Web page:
If you feel the blinds are still not as clean as you would like, you can repeat this process, but with a solution of water and vinegar, in a ratio of 1:1.

A very deep clean can be attempted in the case of extremely grimy and dirty blinds that just will not come clean. To do this, carefully follow the steps below:

  1. Remove the blind from its place over your window. You will need tools for this, as well as patience and care.
  2. Run a bathtub full of warm water, but be sure it is not too hot. You should be able to put your hand in it comfortably.
  3. Add a small amount of dish soap to the water for extra cleaning strength – this will be essential if the blind is covered with grease and grime.
  4. Soak the blind in the water for 30 to 90 minutes.
  5. Wipe the slats individually from end to end, with the blind still in the bath.
  6. Remove the blind from the bath, and lay it on a clean towel on the floor to dry. If you are not prepared or able to wait for the blind to dry, you can dry each slat with a clean, dry towel, or blow them dry with a hairdryer on its cool setting. Do not use the hot setting, or you could warp the plastic.

How to Clean Automated Blinds

Caring for your motorized blinds will ensure that you enjoy their convenience for years to come. As with the two points above, it is best to keep your blinds clean by wiping them down each week with a soft cloth, a microfiber towel, a feather duster, or a vacuum cleaner with an upholstery brush. When cleaning, ensure that the slats are closed to prevent damage to the control mechanism of the blind. If the blind is already dirty, choose one of the methods above, depending on the material it is made from, to clean your motorized blind properly. DO NOT try to soak these blinds in a bath.

Can I Steam Clean My Blinds?

Some sources will tell you that you can steam clean your faux wooden blinds. We believe that this is a very dangerous choice, and it is best not to attempt it. If you steam real wooden blinds, the moisture and heat will certainly cause them to warp, and will most likely destroy the finish protecting the wood, as well. If you are steaming plastic blinds, the heat could cause the plastic to melt slightly, which will also cause warping of the slats.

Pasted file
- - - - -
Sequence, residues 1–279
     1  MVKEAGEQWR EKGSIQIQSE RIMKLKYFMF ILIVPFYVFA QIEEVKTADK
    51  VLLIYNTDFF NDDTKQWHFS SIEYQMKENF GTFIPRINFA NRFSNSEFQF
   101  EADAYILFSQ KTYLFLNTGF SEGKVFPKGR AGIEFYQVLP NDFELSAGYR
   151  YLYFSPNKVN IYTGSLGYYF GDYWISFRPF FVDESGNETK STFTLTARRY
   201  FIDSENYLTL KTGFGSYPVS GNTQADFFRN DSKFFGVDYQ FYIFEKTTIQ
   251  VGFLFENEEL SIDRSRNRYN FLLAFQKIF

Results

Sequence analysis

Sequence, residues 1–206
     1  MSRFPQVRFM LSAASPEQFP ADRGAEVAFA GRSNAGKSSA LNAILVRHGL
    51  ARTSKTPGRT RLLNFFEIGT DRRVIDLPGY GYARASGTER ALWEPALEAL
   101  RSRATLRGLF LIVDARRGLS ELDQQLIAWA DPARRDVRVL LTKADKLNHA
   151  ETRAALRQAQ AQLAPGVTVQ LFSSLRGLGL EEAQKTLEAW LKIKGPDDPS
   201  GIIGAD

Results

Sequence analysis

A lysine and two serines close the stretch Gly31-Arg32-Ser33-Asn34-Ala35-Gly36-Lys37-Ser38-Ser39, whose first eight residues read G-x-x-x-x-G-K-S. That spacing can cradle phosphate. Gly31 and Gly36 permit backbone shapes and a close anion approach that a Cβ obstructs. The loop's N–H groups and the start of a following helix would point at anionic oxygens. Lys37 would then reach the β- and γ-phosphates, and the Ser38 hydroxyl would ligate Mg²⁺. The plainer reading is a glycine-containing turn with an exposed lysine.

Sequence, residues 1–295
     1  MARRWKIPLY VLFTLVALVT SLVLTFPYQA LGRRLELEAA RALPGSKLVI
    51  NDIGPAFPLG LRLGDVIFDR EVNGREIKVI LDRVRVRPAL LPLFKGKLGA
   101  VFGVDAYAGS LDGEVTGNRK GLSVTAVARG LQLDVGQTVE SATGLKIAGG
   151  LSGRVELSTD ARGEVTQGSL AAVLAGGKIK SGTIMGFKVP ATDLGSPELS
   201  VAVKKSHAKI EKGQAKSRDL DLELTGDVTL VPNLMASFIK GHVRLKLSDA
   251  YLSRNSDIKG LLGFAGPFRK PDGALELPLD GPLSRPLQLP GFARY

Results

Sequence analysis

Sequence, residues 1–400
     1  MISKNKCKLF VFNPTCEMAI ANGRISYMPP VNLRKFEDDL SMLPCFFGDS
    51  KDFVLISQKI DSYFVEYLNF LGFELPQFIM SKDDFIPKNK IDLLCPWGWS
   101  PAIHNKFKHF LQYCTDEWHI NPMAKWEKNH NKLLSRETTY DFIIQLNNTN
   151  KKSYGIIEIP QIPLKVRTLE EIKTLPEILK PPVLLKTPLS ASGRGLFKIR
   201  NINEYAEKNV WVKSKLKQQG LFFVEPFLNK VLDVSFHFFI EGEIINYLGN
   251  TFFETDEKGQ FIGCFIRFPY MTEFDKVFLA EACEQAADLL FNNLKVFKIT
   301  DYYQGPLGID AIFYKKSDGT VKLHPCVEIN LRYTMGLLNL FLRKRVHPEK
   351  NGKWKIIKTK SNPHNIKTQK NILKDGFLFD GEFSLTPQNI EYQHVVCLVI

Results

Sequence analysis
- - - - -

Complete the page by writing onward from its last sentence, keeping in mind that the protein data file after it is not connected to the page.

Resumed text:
If you do choose to steam clean your blinds, be sure to do it quickly, not ever allowing the heat to remain in one place for any length of time. Wipe down the blinds immediately afterward to dry up the excess moisture.

Related: 5 Best Commercial Steam Cleaners for Home and Business Use

How to Clean Yellowing Wooden Blinds

If you have white wood blinds that are yellowed and old-looking, there is a small chance that you can get them looking white again.

Firstly, you need to determine why the blinds are yellow – are they covered in dirt and grime, or have they changed color due to exposure to the harsh sun? If they are just dirty, choose the correct cleaning method above to get them fresh and clean again. If they have yellowed from the sun, you could try a bleach bath, but you will most likely need to replace them. Please note that you can only attempt the bleach bath if you have faux wood blinds. Real wood blinds will have to be replaced.

  1. Wear protective clothing, such as gloves and a face mask.
  2. Pour 2 to 3 cups of bleach into a bathtub full of cool water.
  3. Soak the blinds for 10 minutes.
  4. Remove, dry, and rehang.

If this did not lighten your blinds back to a nice shade of white, replacing them will be your best option.

How to Clean Strings and Fabrics

Cleaning the strings and fabric coverings of your blinds is likely the hardest part. Our suggestion is to use fabric cleaning wipes or distilled water with a plain white cloth.

Amy Catchpole

Amy Catchpole is a lifetime farm girl who currently lives on a farm with her husband, dogs, horses, and sheep. As a farmer, she is very concerned with lasting and durable tools and products, as well as the environment and the welfare of the planet. Aside from farming and animals, Amy’s biggest passion is the English language, and she is an avid writer and editor.